On February 8, 2001, the plaintiff circumvented this prohibition by filing claims against the Texas defendants in this court in civil action 01-0314. Order dated May 1, 2001 (01-0314). On August 13, 2001, Judge Gilmore held the plaintiff in civil contempt for filing civil action 01-0314 in violation of her June 21, 1999 order. Fed. Def.'s Mot. Ex. F (Order dated Aug. 13, 2001 (98-0944 S.D. Tex.)). In the contempt order, Judge Gilmore again enjoined the plaintiff from filing any actions against the Texas defendants arising out of the claims described in civil action 98-0944 (S.D. Tex.) or 01-0314 without first obtaining written leave from the Chief Judge of the United States District Court for the Southern District of Texas. Id. at 2.
Violating Judge Gilmore's order a second time, the plaintiff filed civil action 02-0970 in this court, suing the Texas defendants and adding Judge Gilmore as a defendant. See generally Compl. (02-0970). Consequently, on February 7, 2003, Judge Hughes of the United States District Court for the Southern District of Texas conducted a hearing on Texas defendant City of Houston's contempt motion and subsequently ordered the plaintiff to dismiss 02-0970 with prejudice by noon on February 14, 2003, or be sanctioned with incarceration. Pl.'s Emergency Appeal to Enjoin the United States and for Appointment of Counsel (02-0970) Ex. "OCR" (4th Ex.) (Order dated Feb. 7, 2002 (98-944 S.D. Tex.)). Judge Hughes also ordered the plaintiff to reimburse defendant City of Houston for $25,000 in legal fees and costs, and to pay a $10,000 fine. Id.
On February 10, 2003, the plaintiff filed an application for a temporary restraining order and a preliminary injunction ("injunctive relief") in civil action 02-0970. The plaintiff asked this court "to stop Defendant United States & its agents... from arresting him...." Pl.'s First Application (02-0970) at 1. On February 14, 2003, this court denied the plaintiff's first application for injunctive relief. Refusing to accept this court's order, on March 2, 2003, the plaintiff filed a second application for injunctive relief that the court denied on March 3, 2003. On March 5, 2003, the plaintiff filed a third motion for injunctive relief, which the court denied on March 6, 2003. On March 6, 2003, the court also ordered the plaintiff to show cause why his motions for injunctive relief did not violate Federal Rule of Civil Procedure 11's prohibition of submissions presented with an improper purpose, such as to harass, cause unnecessary delay, or needlessly increase the costs of litigation. On March 10, 2003, the plaintiff responded to the show cause order and also filed a petition for a writ of habeas corpus – essentially a fourth motion for injunctive relief.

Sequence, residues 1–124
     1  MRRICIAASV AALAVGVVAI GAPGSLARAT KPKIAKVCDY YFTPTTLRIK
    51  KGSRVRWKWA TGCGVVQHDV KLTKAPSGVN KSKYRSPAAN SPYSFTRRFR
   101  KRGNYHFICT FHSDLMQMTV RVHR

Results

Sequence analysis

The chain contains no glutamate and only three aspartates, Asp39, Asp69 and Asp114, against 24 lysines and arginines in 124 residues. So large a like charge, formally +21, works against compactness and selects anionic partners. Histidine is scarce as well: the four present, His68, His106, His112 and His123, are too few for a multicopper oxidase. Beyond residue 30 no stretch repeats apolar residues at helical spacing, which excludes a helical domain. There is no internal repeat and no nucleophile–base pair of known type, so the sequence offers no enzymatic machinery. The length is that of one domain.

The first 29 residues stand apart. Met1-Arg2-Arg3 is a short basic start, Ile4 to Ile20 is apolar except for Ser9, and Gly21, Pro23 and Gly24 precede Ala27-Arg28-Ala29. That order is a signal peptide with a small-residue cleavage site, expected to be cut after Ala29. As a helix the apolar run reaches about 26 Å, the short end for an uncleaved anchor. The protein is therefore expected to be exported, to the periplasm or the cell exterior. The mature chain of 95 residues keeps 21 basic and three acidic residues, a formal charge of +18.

The Fifth Circuit has also attempted to stop the plaintiff's repetitive and redundant litigation. On February 10, 1999, the Fifth Circuit dismissed an appeal by the plaintiff as frivolous, warning the plaintiff about possible sanctions if his other pending appeals were also frivolous. Fed. Def.'s Mot. Ex. A (Order dated Feb. 10, 1999 (98-20430 5th Cir.)). Less than three months later, the Fifth Circuit dismissed another petition by the plaintiff as frivolous and sanctioned the plaintiff. Id. Ex. B (Order dated May 19, 1999 (98-20430 5th Cir.)). Subsequently, the Fifth Circuit re-ordered the plaintiff to pay the $105 sanction and barred him from filing any documents or appeals until he paid the sanction. Id. Ex. D (Order dated July 12, 1999 (98-20430 5th Cir.)). Demonstrating once again his disregard for court orders, the plaintiff filed another appeal with the Fifth Circuit, which promptly dismissed the appeal because it violated the Fifth Circuit's earlier order. Id. Ex. E (Order dated Nov. 30, 1999 (99-20506 5th Cir.)). Still trying, the plaintiff filed yet another appeal with the Fifth Circuit that the Fifth Circuit dismissed as frivolous. Id. Ex. E (Order dated Apr. 30, 2002 (01-21086 5th Cir.)).
A. The Court Grants the Defendants' Motion for an Order Prohibiting the Plaintiff from Filing Additional Complaints without Leave
1. Legal Standard for Barring a Plaintiff from Filing Additional Complaints
A court may employ injunctive remedies when needed to protect the integrity of the courts and the orderly and expeditious administration of justice. Urban v. United Nations, 768 F.2d 1497, 1500 (D.C. Cir. 1985). Injunctive remedies may be appropriate when a plaintiff files complaints or motions that are frivolous, harassing, or duplicative of prior filings. Id. (issuing an injunction to prevent additional frivolous complaints); In re Green, 669 F.2d 779, 782 (D.C. Cir. 1981) (upholding an injunction to prevent duplicative filings); In re Visser, 968 F.2d 1319, 1324-25 (D.C. Cir. 1992) (prohibiting pro se plaintiff from filing further complaints without leave when he filed 11 repetitive and meritless complaints). The court should look to both the number and content of the filings to determine whether they are frivolous or harassing. In re Powell, 851 F.2d 427, 431 (D.C. Cir. 1988). Further, in evaluating whether the filings constitute harassment, the court should consider the effect of the filings on the parties and the court. Id. at 433. In determining whether litigation is frivolous, the court should not comment on pending claims, though the court may review pending claims to determine whether they are similar to previouslyfiled complaints and whether the litigant is attempting to harass an adversary. Id. at 431.